Tag Archives: family

the pier begins

Might want to watch with the sound off, I wasn’t the only one this ride made scream like a girl. Not my vid, made by a dude crazy enough to sneak a camera out on there. I thank him. My trip to Six Flags yesterday doesn’t have anything to do with my writing of The Pier, a trip to Virginia Beach with a former friend o’ mine created the genesis for this story long ago. But facing fear and getting on some ridiculous roller coasters did serve the purpose of celebrating my brother’s birthday–because riding all the coasters at an amusement park makes you feel young and old. The trip also got me thinking constructively about Vagabond again, and over the fear of not being perfect enough to finally start serializing The Pier.

I am definitely an isolated sort, on purpose, but getting out makes more of a difference that way. All the memories it brought back of good times with the family seem to be balancing my depression about it all that never really fades, and that’s a good thing.

(wrestling announcer voice)

…and now, the first installment of The Pier:

Morning

Sunrise at The Pier

The waves make small shadows on the beach at night, the sound wrapping around me. It almost replaces the blanket I left at home.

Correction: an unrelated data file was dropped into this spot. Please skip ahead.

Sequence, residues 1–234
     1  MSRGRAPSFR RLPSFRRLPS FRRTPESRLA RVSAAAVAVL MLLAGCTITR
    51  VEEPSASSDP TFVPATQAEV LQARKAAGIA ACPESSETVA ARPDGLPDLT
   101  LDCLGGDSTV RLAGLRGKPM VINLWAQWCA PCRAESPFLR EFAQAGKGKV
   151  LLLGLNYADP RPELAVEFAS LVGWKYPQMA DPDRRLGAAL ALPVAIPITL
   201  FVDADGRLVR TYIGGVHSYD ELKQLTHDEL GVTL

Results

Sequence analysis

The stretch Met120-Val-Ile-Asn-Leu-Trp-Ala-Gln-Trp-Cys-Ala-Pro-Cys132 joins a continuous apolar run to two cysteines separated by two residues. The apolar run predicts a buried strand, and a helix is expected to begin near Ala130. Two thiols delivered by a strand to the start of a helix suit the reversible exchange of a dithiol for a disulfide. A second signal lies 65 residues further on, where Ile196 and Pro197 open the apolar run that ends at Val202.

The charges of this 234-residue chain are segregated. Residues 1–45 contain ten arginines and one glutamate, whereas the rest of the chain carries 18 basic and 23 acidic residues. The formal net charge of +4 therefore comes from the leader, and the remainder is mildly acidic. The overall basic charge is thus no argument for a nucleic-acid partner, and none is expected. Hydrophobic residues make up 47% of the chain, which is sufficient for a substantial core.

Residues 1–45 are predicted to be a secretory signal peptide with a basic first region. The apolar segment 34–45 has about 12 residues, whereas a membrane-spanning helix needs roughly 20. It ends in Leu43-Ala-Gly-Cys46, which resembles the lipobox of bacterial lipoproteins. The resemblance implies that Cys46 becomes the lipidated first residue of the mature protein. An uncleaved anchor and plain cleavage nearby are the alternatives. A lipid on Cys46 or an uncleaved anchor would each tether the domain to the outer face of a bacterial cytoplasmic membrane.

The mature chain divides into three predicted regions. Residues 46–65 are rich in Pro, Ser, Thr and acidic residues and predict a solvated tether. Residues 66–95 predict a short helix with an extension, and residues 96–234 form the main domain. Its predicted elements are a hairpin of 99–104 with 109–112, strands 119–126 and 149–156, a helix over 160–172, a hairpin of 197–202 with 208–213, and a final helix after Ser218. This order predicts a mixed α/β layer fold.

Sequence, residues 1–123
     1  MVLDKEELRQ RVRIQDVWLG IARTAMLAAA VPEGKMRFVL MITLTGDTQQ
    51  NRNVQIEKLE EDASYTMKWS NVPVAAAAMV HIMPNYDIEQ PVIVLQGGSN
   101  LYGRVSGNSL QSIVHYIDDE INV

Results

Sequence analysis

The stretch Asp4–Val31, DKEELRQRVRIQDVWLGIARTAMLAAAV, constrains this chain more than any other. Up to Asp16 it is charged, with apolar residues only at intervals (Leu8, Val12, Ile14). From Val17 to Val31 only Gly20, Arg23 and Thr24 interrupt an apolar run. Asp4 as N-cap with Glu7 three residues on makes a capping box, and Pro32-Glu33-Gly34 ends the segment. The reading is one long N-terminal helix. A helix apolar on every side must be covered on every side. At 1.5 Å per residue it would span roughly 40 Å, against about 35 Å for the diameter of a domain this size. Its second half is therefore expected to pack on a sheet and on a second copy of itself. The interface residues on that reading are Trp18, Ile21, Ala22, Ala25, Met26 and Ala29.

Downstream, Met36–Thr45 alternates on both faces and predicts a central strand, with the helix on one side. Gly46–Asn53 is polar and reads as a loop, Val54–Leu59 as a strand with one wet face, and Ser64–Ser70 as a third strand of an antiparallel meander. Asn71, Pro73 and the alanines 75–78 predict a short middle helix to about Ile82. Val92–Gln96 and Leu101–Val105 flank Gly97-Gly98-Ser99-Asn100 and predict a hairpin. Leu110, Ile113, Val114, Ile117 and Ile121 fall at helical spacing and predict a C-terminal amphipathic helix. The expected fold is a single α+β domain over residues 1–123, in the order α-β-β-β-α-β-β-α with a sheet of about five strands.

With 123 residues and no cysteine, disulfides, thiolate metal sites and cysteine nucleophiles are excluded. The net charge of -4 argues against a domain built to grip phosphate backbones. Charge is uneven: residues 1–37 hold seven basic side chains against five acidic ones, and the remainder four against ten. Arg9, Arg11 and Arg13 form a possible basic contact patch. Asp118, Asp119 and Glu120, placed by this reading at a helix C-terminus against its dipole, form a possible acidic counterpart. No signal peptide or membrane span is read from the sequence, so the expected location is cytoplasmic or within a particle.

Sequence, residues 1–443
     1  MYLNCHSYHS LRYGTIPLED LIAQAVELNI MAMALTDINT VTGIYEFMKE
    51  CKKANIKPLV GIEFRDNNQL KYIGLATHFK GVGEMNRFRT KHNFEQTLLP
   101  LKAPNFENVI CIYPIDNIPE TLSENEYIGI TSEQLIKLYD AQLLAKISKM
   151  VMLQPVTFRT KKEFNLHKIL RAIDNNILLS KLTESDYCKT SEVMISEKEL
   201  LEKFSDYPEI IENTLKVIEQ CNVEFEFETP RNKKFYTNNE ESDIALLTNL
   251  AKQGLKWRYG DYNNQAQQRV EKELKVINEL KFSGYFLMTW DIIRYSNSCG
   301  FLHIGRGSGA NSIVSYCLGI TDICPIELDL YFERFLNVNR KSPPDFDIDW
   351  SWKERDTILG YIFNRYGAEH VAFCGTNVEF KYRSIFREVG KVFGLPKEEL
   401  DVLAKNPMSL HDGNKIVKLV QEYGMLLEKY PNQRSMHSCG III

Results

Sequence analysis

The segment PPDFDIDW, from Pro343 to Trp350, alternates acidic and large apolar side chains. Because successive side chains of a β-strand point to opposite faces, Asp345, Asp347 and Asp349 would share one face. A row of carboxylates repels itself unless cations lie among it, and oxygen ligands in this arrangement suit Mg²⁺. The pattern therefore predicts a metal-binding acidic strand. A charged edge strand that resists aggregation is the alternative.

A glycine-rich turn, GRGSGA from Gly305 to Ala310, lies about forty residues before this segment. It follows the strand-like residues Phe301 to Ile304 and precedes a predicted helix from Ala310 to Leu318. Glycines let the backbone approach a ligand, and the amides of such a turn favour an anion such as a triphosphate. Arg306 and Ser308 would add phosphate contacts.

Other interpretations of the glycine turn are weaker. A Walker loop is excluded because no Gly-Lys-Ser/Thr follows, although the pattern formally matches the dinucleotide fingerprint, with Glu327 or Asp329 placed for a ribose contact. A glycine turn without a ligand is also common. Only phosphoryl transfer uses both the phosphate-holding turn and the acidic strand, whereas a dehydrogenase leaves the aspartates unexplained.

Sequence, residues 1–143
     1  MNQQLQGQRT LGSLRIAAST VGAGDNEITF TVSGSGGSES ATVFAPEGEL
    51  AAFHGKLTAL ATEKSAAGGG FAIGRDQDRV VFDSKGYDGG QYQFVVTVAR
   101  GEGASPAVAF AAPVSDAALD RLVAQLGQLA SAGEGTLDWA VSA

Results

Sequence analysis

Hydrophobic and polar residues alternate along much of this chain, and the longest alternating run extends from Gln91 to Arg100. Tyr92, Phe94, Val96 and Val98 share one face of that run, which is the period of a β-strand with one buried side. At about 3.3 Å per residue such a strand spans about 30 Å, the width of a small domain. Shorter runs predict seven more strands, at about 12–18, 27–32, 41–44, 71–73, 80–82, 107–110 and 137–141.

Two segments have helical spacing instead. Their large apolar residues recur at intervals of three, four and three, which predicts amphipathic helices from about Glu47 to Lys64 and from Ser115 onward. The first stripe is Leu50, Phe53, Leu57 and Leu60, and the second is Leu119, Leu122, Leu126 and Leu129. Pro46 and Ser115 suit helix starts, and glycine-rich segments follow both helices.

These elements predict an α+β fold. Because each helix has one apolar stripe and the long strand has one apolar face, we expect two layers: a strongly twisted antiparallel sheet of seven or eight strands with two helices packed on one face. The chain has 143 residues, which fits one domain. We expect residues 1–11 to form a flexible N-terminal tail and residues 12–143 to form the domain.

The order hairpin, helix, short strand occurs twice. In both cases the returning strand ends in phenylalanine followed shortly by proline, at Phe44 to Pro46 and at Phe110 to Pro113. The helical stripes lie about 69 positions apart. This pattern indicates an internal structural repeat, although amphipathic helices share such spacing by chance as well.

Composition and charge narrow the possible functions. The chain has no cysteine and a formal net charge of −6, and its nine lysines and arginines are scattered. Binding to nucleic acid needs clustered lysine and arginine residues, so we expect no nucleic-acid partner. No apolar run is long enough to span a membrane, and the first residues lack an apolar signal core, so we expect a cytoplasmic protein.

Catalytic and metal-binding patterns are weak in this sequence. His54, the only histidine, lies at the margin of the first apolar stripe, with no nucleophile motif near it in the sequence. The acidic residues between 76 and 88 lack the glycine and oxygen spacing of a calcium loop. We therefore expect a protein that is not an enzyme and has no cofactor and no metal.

I did not plan on leaving tonight.

Gerard and I live in an apartment above his tattoo studio, right on Main Street. I look down at my wrist. “Free” is still written there, clear as the day I suffered through the needles to get it. The weak orange lights from the street cast a shadow over it like a desert sunset. I miss the wastelands of Nevada. There’s nothing like them out here.

Water crashes and mumbles and I stare into it, trying to open myself to the calm Margie swore it’d provide. She’s a waitress with me at The Salted Fish, and knows the menu better.

If I did, this flight could be permanent. Margie makes twice the tips I do. And has better hair.

The letter came today. It sits on the sand at my side, taking in water. The ink won’t bleed out. Indelible marks, unsatisfied cries.

My mother is dead. My baby is five. I do not know how they found me. I think I know. I can’t be sure. I told him I didn’t like cameras.

He said it was just a picture of my wrist. A small vanity.

The pier shelters me and I lean my head back against the base of the shore, cool sand grinding into my hair, calming the panic, calming the fever of flight. I need to escape, if only to here, if only for one night.

I wish it could be forever.

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